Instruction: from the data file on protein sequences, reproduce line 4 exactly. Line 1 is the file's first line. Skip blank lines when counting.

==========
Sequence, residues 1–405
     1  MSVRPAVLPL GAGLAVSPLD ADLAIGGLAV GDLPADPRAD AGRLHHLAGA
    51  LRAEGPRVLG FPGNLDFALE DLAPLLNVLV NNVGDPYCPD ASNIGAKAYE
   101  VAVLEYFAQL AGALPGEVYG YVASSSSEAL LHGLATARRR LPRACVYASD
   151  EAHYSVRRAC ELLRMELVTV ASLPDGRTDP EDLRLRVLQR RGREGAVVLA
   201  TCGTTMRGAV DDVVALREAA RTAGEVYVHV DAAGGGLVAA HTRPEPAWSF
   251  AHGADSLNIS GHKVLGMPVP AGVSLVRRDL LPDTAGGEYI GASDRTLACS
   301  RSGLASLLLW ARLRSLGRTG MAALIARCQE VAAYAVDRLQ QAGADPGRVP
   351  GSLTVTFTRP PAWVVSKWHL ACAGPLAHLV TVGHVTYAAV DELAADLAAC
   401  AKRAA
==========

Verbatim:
   101  VAVLEYFAQL AGALPGEVYG YVASSSSEAL LHGLATARRR LPRACVYASD